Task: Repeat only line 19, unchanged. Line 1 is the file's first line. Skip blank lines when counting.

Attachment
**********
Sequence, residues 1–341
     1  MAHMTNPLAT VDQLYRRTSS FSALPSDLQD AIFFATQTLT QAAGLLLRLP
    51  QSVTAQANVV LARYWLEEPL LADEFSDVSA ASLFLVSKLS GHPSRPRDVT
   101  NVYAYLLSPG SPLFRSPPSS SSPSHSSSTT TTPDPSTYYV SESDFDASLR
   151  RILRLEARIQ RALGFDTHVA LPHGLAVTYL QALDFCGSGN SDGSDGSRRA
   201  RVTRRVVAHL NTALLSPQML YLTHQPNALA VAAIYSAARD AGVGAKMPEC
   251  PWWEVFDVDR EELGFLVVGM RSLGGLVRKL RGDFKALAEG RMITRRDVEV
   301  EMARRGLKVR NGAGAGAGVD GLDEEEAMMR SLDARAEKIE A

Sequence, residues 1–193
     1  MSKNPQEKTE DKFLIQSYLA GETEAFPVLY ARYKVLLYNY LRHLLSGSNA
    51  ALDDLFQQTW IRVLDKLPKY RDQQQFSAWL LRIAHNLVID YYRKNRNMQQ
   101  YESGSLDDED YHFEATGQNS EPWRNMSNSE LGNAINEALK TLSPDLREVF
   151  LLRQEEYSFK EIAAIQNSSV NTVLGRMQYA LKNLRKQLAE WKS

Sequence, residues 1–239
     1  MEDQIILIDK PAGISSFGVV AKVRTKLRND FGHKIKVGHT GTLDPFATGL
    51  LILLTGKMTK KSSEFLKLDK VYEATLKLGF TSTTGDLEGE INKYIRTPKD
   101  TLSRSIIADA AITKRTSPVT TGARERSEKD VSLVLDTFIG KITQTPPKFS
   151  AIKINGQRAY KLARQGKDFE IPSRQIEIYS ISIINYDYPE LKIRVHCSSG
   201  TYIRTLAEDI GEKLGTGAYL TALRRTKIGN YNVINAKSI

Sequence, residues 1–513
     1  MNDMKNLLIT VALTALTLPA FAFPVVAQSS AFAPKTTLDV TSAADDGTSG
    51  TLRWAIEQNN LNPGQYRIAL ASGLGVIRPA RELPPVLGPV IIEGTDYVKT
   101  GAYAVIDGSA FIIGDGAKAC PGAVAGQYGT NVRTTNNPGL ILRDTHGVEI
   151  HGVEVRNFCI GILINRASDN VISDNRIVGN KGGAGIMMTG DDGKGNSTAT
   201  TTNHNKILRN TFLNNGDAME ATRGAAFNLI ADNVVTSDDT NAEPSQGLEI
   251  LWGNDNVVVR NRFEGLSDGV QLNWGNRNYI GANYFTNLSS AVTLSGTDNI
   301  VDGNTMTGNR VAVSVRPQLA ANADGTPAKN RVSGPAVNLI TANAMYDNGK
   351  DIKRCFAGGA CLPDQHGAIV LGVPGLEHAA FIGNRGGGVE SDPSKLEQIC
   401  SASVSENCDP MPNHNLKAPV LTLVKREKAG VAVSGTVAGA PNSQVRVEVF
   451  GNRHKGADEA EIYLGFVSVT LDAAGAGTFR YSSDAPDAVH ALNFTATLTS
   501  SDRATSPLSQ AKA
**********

   201  TYIRTLAEDI GEKLGTGAYL TALRRTKIGN YNVINAKSI